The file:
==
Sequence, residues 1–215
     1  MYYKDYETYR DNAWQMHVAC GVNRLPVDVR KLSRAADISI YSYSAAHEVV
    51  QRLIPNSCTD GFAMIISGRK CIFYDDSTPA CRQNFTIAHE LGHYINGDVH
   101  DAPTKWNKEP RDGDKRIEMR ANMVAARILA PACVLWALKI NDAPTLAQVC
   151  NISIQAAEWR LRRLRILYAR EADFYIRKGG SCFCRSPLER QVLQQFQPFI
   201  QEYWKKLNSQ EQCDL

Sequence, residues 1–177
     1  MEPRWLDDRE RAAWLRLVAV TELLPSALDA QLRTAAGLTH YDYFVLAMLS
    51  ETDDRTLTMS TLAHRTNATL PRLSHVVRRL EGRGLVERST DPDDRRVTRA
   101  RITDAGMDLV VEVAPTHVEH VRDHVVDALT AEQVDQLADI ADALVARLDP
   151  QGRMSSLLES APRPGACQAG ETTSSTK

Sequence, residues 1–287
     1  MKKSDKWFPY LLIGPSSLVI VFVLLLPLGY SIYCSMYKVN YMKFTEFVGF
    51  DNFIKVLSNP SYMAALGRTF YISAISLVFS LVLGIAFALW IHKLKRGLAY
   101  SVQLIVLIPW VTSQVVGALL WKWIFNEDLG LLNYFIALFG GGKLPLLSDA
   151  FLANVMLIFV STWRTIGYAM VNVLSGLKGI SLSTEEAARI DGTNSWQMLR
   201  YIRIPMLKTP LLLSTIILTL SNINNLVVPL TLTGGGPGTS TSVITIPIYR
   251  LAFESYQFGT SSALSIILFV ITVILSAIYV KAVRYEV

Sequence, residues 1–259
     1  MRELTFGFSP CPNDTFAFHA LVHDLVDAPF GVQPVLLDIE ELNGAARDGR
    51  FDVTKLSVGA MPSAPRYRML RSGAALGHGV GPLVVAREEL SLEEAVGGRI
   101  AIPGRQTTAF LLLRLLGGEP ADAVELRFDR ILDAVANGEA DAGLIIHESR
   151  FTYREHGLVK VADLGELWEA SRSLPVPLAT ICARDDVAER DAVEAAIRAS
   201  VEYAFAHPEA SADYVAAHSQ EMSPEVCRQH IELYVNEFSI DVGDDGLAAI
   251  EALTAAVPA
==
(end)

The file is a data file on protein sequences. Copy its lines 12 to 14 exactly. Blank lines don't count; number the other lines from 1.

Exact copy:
Sequence, residues 1–287
     1  MKKSDKWFPY LLIGPSSLVI VFVLLLPLGY SIYCSMYKVN YMKFTEFVGF
    51  DNFIKVLSNP SYMAALGRTF YISAISLVFS LVLGIAFALW IHKLKRGLAY